Liquids Hot Liqs Revenge LP (Neck Chop)
A pal of mine casually mentioned that Liquids have written something like 90 songs in three years, and while I haven’t verified (I don’t think it’s quite the case if you count re-recordings), it’s still pretty startling. This NWI punk band, featuring ties to Coneheads and CCTV, are clearly addicted to writing eighty-second-long snot-punk tunes, and Hot Liqs Revenge is their second proper full-length, featuring twenty new ones. It’s definitely up to par with the rest of their material, calling to mind Angry Samoans, Adolescents and Circle Jerks with a rough home-recording patina and a jittery, over-caffeinated feel similar to their modern Midwestern brethren. Songs are about how looking at you makes them want to throw up, and how they wish you’d shut up, too. Good stuff for sure, and oddly mastered for vinyl, as each track has a few seconds of silence between them, providing ample time to reflect on each tune (not unlike the Crossed Out 7″). I have to wonder though, what if these guys cooled it a little on the quantity, and tried instead to create The Perfect Punk Album? Really labored over each part and melody and vocal line, maybe stepped up the recording quality while still retaining that rawness? Angry Samoans, Circle Jerks and Adolescents probably didn’t have 90 songs combined by their first three years, and I feel like Liquids might be able to match their greatness if they worked on perfecting their tunes rather than quickly moving on to a new one.

Lysol Teenage Trance / Chemical Reaction 7″ (Neck Chop)
Seattle’s Lysol are back, after I think going away for a little bit, or maybe having to change their name? I remember the same thing happened to Tyvek, where they had to become TVK for a while… kinda funny that these mega-corporations actually care about their name being used for bands trying to sell three hundred copies of 7″ EPs, but I guess that’s what mega-corporations do. Anyway, Lysol are still rockin’ and rollin’ across these two brief tunes, a welcome return if they ever left us. “Teenage Trance” has the gruff, falling-down-the-stairs attitude of early Reatards with the energy of classic hardcore, let’s say Poison Idea. Cool breakdown that allows for some power-moves on the guitar, kinda like a messy younger sibling of that recent Fetish single. You could probably make a mix exclusively of songs titled “Chemical Reaction” and it’d be pretty good, Lysol’s included. I’m actually picking up a strong Hank Wood vibe on theirs, from the riff’s horizontal action and the vocalist’s huff-and-puff delivery (by the chorus, it’s uncannily similar). I could’ve gone for a full can of this stuff, but these two tracks are a refreshing spritz.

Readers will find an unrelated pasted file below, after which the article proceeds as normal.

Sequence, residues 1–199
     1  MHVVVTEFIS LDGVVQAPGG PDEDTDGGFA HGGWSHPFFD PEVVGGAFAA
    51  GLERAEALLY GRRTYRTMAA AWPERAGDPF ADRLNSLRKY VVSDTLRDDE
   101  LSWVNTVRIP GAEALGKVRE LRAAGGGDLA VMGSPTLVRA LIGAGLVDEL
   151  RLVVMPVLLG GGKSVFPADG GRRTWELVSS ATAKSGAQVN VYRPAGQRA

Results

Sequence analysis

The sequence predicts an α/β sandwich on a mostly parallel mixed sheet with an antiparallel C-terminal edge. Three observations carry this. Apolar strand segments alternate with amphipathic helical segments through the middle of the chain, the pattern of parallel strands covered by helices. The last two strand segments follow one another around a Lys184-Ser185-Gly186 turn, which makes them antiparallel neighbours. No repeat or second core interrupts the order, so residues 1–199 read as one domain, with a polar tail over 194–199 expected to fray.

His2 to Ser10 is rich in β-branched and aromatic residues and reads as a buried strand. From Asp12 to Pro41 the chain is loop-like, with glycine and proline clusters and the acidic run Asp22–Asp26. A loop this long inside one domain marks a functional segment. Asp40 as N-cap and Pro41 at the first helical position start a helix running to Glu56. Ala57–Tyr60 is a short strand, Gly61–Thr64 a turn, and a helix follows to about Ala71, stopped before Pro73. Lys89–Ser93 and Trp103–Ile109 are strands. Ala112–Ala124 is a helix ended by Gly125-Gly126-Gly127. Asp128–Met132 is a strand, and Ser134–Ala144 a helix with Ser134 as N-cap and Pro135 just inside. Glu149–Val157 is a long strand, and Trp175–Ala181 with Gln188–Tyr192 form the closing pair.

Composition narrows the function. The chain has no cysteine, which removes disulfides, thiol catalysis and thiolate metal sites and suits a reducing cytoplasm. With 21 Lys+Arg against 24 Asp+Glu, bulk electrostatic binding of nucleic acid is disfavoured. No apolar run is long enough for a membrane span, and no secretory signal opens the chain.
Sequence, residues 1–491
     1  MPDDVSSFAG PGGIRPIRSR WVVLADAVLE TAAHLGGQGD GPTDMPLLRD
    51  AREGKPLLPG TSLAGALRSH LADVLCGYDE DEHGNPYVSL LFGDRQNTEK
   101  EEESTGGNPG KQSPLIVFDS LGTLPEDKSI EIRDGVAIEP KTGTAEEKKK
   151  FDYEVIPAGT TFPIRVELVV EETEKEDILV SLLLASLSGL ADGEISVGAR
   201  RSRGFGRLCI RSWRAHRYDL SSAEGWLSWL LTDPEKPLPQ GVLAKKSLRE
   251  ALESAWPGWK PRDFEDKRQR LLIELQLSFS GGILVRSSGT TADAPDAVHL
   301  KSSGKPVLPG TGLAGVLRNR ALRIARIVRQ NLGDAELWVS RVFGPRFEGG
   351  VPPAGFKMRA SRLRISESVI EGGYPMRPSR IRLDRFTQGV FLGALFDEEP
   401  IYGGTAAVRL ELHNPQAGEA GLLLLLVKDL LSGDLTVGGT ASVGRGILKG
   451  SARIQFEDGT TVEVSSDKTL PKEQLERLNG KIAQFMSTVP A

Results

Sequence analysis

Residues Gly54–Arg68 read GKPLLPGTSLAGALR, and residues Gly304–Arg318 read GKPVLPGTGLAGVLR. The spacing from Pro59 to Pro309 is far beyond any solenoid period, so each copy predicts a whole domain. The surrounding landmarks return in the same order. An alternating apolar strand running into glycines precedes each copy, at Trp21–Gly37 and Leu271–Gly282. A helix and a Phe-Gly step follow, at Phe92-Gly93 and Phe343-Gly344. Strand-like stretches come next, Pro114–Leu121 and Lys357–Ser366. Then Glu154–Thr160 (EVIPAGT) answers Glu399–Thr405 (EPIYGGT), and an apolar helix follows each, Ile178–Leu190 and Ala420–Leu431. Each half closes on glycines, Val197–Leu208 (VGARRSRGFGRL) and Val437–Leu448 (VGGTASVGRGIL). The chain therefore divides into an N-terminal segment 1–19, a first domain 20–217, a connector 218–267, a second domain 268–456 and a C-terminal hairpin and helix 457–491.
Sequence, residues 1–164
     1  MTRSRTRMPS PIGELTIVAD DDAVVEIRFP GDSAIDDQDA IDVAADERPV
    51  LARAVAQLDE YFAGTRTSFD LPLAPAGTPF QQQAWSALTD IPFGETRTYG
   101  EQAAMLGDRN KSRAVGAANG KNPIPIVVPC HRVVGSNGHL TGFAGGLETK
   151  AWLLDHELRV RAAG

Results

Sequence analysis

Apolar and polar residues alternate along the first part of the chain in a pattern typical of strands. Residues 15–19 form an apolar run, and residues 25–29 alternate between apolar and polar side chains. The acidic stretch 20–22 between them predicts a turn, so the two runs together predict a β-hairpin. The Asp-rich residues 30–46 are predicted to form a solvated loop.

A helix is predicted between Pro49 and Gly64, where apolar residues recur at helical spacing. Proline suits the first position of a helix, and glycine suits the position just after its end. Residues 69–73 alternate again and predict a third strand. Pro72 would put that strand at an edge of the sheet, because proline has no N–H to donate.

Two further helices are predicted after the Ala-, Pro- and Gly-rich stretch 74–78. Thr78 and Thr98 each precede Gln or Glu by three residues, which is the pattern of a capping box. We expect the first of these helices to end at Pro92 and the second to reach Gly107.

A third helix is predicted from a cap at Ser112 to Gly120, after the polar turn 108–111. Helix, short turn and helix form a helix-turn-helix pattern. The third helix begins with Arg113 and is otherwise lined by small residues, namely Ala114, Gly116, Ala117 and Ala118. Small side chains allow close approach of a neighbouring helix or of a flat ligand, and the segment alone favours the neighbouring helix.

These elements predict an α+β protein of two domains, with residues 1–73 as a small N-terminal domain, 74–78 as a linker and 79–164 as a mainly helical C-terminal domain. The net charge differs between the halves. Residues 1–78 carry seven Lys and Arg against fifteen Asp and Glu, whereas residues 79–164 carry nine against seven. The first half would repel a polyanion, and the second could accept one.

Patois Counselors Proper Release LP (Ever/Never)
If you told me the next great art-punk band was going to come from Charlotte, North Carolina, I’d probably choke on my iced chai, but I think that really might be the case! Of course I’m referring to Patois Counselors, whose debut 7″ I enjoyed back in 2015, but this is a mighty step up, a fully-realized vision of what cynical post-punk can be. I’m picking up strong vibes of Tyvek and Parquet Courts throughout, as Patois Counselors frequently utilize jumpy bass and drums alongside primitive and jangly guitars to energize the room, but they come across as more refined than the former and punker than the later. Certain oddball tracks like “Get Excitement” and “So Many Digits” recall The Rebel at his most successfully experimental, with any shock-jock tactics replaced by an understated lyrical wit. Patois Counselors are basically screaming “fuck society!” but with such elegant prose it might even please fans of Mars Volta. Some of the songwriting recalls The Makers Of The Dead Travel Fast in its baroque peculiarities, but it’s still simple enough to knock heads with the rest of the Ever/Never roster. Not a moment wasted, with plenty of memorable moments and weirdo charm (“Terrible Likeness” is the best song Men’s Recovery Project never wrote), and the first record of the year that I dug around inside the sleeve looking for a little download code (I found it!) because I need to take Patois Counselors with me wherever I go.

The Pink Noise House Of Cards LP (Sounds Escaping)